The threshold for the daily number of people admitted to NYC hospitals for suspected COVID-19 is 200 patients. Today’s report from Mayor Bill de Blasio shows 62 patients with a confirmed positivity rate of 19.7%. The threshold for reported cases on a seven-day average is 550 cases; today’s report is 496. And the threshold for the percentage of people testing positive citywide for COVID-19 is 5%; today’s report is 2.52%.
“We’re definitely seeing a leveling off all over the city. As you saw, that seven-day rolling average number – knock on wood. We have every single day more work to do. And again, we’re not out of the woods in those red and orange zones, but, in general, the city continues to do well,” de Blasio said at this morning’s press conference. “And the key here is… to encourage more testing. We have a lot of areas where I’d like to see more testing. We definitely want to keep reminding people – I know there’s fatigue out there, but how important it is to keep wearing the masks.”
When asked why and how numbers were “leveling off,” and whether it had to do with mass testing or people simply complying, de Blasio said that it was a little bit of both.
“I think what we learned long ago in places like Sunset Park and Soundview is when you alert people to a problem and you educate and you do mask distribution, things like that, it really does help get folks to be more disciplined. We certainly see in the red and orange zones, more and more people wearing masks more and more people practicing social distancing – that really helps unto itself,” he said.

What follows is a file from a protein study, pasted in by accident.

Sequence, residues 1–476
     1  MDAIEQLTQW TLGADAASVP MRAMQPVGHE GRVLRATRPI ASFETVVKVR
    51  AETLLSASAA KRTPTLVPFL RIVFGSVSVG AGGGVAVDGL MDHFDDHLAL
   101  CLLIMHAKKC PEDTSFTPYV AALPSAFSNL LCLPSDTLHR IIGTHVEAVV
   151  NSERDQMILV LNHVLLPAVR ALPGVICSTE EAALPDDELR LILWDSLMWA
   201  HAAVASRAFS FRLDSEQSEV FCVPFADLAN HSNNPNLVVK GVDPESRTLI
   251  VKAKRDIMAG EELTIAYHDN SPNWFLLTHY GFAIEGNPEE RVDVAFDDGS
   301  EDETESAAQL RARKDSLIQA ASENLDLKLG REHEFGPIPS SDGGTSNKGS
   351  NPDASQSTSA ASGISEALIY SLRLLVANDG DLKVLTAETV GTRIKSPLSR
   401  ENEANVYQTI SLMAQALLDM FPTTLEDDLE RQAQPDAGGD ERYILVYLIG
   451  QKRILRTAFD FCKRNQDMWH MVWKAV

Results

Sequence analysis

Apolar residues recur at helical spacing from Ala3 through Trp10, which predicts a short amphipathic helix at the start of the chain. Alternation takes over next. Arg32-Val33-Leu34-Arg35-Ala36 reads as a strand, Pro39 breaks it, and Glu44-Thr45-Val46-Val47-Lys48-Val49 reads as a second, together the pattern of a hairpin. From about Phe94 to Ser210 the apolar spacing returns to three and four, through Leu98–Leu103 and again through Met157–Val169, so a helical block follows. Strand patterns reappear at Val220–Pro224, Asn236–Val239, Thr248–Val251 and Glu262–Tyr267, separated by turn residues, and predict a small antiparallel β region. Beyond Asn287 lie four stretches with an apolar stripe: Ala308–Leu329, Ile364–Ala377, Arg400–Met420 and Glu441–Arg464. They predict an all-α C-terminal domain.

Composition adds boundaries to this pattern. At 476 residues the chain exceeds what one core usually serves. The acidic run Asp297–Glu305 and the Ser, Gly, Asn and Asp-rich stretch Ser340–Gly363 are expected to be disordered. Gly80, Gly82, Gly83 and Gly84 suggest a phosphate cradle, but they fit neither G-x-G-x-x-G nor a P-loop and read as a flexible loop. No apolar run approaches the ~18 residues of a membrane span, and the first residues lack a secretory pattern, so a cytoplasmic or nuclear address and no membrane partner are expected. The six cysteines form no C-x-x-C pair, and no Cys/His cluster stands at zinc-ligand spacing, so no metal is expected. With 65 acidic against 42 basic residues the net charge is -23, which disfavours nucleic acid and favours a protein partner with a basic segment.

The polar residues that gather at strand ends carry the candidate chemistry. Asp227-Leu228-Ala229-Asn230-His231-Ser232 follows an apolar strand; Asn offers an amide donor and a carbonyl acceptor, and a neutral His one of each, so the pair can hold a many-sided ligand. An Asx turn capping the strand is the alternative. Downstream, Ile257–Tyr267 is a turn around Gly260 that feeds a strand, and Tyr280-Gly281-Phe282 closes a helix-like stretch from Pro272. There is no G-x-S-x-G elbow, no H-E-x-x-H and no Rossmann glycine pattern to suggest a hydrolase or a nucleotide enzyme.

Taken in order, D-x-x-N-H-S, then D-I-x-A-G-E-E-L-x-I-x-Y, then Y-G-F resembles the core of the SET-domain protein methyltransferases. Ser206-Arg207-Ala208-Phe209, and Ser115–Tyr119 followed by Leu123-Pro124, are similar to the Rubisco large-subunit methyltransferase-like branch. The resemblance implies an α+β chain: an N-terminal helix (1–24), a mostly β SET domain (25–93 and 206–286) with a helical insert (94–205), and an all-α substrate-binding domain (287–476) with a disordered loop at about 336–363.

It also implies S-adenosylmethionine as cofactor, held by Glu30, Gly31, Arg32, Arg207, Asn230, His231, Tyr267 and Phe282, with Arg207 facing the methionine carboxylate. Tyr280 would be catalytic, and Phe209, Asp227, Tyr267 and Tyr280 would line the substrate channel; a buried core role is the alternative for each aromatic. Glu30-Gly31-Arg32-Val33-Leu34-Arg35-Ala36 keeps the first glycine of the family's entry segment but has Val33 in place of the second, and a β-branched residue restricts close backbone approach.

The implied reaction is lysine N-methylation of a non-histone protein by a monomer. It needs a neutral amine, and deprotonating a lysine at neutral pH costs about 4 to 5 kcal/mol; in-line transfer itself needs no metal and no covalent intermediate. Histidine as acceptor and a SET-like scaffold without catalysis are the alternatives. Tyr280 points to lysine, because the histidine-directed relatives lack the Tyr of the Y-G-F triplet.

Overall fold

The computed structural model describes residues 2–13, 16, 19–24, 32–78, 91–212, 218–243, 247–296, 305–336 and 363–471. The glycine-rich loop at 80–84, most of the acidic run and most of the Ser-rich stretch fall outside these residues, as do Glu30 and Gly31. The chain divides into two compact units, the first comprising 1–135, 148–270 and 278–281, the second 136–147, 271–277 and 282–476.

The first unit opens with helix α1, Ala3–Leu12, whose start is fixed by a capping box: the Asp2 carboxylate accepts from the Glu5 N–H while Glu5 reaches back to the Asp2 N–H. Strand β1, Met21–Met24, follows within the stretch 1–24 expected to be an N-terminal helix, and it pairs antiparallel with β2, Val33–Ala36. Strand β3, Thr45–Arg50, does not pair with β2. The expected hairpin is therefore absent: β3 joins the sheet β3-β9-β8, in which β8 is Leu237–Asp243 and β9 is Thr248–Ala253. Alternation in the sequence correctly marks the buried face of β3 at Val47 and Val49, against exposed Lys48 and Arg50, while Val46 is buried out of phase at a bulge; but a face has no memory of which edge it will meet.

“A lot of New Yorkers never got tested at all that actually makes it harder to understand what’s going on. So I think we clearly are seeing an uptick in testing now that we’ve sounded the alarm and it does not surprise me at all – the more testing, the clearer picture, and typically what we found is the more testing, the better of the picture becomes.”
Both the Mayor and the Department of Health and Mental Hygiene Commissioner Dave Chokshi acknowledged that the concept of trust will be even more important, come the vaccine.
“I’ll just add one brief point here, which is a first to underline yes, how important and how much of a pillar this idea of addressing trust will have to be to our vaccination strategy for COVID-19 in New York City,” Chokshi said.
“People still do trust their doctors,” he said, “So a big part of what we will do is not just the citywide, public messaging about the science, about the validity of the studies that we’re looking at, but really working hand in hand with trusted community physicians and other health care providers as well.”
As for the number of coronavirus-related deaths, Chokshi noted that there wasn’t a big increase.
“We are not seeing an increase in overall deaths and that’s been true over the last several weeks to several months… the total number of deaths per day is averaging in the single digits, and we do have this specific sample on our data page for the Department of Health,” he said.
“One really important consideration to point out about this is that we know that hospitalizations and deaths lag an increase in cases. We saw that earlier this year, and we’re seeing it, you know, around the world in places that are experiencing much more significant increases. And so that’s why it’s so important for us to stay focused on the cases, the test positivity, things that are earlier indicators so that we can avert as much of that suffering as possible.”